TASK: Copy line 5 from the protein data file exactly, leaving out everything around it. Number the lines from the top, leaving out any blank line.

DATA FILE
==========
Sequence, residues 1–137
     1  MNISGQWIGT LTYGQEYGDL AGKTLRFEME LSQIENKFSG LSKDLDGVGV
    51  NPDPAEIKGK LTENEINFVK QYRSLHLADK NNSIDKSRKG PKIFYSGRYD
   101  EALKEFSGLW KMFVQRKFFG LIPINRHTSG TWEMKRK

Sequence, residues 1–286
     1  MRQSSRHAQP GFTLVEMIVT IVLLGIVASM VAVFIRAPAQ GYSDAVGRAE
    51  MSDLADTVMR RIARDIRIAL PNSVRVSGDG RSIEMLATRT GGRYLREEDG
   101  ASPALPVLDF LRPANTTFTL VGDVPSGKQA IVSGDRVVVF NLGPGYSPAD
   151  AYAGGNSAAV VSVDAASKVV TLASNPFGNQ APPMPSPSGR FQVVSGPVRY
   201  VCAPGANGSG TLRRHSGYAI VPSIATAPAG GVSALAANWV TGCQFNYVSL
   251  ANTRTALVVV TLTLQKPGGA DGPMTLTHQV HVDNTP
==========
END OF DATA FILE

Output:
Sequence, residues 1–286